We are grateful to María Ramos Martínez Bolster, Margarita Nieto and Louis Stern for their assistance in confirming the authenticity of this work. It will be included in their forthcoming catalogue raisonné of the artist's paintings to be published by the Alfredo Ramos Martínez Research Project.
A slightly profile view of a dark-skinned female figure from the neck up, La india by Alfredo Ramos Martínez focuses on the racial features of the woman. Her black hair is tightly woven into side braids, which mimic the plaited structure of the background against which the figure is isolated. She balances a woven charola on her head, which is filled with stylized yellow-colored fruit-lemon cucumbers. As is typical in Ramos Martínez's work, the palette is mostly warm earth tones, which serve to reinforce a metaphorical connection between the indigenous subject and the land. Though the painting is characterized by the use of chiaroscuro and traditional modeling techniques, it also bespeaks an overall flatness associated with the melding of figure and ground, a result of the figure's placement in the shallow foreground plane. The artist creates a tension between abstraction and depth, which is enhanced by the play of textures in the work--the model's skin, her hair, the basket, and the background.
La india is a product of the artist's California period (he moved there as a result of seeking medical treatment in the United States for his sickly daughter in 1929) when he radically shifted the style for which he was known in Mexico. Moving from the Impressionism that he introduced to Mexico in the 1920s after his return home from Paris, in California he developed a more up-to-date art deco style which consists of hard-edged ornamental lines, faceted geometric forms, a realistic yet severe figural style, all conjoined within a Cubist-inflected armature. Although Ramos Martínez had depicted native Indians in his Mexican work--to be sure, he was one of the first to advocate working outdoors and with live Indian models (as opposed to copying classical plaster casts) as well as cultivating native Mexican subject matter--it is in the United States that he almost exclusively called upon images of indigenous populations.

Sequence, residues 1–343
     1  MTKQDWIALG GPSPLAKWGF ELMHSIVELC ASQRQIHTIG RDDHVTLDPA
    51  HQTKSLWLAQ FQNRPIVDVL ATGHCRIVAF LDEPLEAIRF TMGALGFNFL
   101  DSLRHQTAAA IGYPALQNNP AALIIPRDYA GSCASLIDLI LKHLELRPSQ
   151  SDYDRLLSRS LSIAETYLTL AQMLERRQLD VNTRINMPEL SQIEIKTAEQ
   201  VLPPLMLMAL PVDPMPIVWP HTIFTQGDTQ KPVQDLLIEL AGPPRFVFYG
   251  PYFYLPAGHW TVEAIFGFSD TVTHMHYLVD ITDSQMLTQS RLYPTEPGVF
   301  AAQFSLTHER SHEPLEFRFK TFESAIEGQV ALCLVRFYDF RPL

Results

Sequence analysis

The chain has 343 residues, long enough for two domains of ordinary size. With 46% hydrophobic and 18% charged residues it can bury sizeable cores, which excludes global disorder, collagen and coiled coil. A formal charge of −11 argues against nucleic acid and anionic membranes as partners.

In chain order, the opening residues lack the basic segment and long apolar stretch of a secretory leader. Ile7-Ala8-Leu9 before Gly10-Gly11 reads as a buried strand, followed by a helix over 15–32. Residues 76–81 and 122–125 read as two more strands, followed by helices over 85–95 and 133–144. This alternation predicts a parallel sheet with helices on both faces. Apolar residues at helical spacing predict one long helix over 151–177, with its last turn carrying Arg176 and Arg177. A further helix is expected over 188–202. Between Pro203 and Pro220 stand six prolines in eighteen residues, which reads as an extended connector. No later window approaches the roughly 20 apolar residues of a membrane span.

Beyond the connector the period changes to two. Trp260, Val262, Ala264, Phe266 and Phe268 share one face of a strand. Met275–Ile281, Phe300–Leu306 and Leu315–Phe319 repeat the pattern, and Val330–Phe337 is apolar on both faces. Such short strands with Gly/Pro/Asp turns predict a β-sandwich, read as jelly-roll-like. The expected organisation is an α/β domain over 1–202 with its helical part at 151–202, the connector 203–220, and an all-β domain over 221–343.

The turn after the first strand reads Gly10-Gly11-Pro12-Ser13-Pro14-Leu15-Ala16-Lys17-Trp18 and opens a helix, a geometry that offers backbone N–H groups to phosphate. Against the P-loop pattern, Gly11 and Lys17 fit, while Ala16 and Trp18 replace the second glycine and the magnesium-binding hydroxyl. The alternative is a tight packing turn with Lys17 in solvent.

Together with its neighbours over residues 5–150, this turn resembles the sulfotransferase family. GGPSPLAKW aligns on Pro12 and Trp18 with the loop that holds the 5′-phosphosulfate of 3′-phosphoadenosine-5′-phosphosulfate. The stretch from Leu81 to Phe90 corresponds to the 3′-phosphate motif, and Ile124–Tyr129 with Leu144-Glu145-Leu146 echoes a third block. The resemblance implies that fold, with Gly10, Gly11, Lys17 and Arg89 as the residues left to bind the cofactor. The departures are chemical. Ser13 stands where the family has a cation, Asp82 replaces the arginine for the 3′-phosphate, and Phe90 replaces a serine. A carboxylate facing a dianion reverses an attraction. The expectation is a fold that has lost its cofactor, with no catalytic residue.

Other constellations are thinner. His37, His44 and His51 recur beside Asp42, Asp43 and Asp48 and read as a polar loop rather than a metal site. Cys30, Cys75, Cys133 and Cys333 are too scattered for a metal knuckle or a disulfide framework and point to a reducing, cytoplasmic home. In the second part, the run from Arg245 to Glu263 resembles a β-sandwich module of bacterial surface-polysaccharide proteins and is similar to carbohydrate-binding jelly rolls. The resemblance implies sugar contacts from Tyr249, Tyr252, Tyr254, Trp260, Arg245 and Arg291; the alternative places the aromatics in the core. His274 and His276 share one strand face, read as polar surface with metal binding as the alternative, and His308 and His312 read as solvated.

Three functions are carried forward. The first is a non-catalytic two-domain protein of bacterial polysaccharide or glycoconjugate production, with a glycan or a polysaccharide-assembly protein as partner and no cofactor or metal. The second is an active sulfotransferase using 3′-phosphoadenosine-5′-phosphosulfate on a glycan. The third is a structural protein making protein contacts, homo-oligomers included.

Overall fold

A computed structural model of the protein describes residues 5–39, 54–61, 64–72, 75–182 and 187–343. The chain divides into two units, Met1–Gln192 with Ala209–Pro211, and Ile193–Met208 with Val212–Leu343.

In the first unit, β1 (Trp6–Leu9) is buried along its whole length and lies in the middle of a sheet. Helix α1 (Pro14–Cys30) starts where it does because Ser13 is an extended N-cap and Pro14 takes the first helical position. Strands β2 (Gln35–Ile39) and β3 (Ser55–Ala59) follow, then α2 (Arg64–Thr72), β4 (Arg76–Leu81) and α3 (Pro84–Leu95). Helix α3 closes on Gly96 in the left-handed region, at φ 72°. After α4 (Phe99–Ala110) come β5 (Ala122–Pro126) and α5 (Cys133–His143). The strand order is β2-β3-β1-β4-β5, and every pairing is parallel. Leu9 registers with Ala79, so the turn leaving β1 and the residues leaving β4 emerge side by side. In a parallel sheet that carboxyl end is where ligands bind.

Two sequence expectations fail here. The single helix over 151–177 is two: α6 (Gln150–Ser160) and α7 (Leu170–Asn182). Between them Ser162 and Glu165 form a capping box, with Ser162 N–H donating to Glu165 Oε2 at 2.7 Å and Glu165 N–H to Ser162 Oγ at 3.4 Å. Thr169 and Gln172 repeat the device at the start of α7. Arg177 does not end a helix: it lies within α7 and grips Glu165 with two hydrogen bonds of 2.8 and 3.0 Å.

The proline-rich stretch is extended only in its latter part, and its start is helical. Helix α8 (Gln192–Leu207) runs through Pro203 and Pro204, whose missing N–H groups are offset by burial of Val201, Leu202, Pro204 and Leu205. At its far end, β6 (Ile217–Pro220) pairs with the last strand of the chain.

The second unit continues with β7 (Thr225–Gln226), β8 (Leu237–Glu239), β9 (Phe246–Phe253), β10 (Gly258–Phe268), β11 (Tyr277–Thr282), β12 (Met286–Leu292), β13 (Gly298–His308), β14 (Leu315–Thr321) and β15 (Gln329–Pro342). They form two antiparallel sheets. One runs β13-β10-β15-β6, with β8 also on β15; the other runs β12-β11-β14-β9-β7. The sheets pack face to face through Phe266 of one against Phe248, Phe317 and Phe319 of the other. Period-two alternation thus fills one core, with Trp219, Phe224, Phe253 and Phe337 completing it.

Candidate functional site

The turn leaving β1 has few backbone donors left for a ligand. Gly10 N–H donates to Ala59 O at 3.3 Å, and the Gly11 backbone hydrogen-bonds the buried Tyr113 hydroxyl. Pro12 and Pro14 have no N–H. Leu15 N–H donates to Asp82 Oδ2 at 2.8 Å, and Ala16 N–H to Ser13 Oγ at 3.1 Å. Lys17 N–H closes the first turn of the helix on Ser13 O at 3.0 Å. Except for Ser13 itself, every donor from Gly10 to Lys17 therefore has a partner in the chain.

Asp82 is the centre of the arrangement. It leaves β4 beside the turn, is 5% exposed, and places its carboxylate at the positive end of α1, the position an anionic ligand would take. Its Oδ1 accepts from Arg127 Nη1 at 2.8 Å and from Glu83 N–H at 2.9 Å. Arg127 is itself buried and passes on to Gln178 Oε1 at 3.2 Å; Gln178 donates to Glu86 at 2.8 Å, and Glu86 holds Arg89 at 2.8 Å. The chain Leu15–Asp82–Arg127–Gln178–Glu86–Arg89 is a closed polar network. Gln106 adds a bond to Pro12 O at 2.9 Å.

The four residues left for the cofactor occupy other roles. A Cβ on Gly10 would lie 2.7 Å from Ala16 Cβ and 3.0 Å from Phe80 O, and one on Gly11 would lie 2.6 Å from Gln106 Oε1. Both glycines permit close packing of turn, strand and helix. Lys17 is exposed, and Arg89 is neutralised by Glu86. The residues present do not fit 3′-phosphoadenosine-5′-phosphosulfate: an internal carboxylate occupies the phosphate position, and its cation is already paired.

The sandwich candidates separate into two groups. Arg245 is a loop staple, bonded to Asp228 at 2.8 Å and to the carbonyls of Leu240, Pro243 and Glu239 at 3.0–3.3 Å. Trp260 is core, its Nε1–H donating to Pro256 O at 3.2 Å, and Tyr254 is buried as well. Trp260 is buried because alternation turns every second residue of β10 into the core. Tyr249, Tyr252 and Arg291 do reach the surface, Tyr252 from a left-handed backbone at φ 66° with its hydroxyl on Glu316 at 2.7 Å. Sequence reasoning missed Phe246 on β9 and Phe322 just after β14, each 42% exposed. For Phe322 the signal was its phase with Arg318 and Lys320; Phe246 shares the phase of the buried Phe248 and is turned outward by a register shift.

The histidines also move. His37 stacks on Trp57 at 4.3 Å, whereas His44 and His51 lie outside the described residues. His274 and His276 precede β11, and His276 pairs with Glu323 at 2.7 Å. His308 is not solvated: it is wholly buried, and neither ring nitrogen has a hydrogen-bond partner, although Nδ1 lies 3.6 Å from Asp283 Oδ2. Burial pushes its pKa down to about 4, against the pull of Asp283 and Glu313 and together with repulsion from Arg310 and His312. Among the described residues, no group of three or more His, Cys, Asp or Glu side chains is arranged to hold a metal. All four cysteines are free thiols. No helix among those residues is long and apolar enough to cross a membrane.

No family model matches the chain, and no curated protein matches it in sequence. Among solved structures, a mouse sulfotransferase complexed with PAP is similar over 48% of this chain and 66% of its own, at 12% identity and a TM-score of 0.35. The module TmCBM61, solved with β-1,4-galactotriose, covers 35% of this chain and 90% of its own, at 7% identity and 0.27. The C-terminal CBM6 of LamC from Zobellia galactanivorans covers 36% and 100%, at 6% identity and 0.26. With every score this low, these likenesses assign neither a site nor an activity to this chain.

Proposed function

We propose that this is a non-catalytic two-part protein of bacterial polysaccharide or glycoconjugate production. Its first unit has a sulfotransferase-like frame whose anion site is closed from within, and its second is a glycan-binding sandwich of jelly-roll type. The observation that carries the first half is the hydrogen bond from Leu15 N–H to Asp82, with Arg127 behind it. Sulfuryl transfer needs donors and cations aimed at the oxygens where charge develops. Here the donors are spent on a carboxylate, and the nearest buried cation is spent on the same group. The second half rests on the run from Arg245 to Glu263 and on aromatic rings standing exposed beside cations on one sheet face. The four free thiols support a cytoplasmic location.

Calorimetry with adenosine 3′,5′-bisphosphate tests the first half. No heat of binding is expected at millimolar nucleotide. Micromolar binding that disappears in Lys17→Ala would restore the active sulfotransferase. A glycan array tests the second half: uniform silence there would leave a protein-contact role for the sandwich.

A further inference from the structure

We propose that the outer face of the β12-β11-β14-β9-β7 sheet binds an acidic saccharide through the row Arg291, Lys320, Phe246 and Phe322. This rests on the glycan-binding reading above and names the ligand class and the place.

Ramos Martínez left behind a tremendously influential career in Mexico City as the Director of the Academy of San Carlos, where he heeded student protests against the outdated pedagogical methods and tastes of the school and founded the Open Air Schools or Escuelas de Pintura al Aire Libre (EPALs). The Academy opened the first EPAL in October of 1913 at Santa Anita Ixtapalapa on the outskirts of Mexico City. This effort cemented Ramos Martínez's role as a crucial figure in negotiating artistic styles between academic art and the post-Revolutionary period. According to Karen Cordero Reiman, Ramos Martínez "is a figure who, as an educator and artist, forms a bridge between the Porfiriato and the epochs of the Revolution and post-Revolution.(1) And Margarita Nieto has stated that the open air painting schools "were probably the single most important influence on the School of Mexican Painting, for through them the study of art became available to everyone."(2)
From a visual standpoint, as Jean Charlot has written, Ramos Martínez's Impressionist-based aesthetic--producing works that emphasized light and color effects--"opened the doors wide for reform" in Mexico.(3) Ramos Martínez adapted a European aesthetic to the concerns and urgencies of the local environment. As such, he was a leader in the widespread modernist endeavor to reconcile Mexican subject matter and international styles.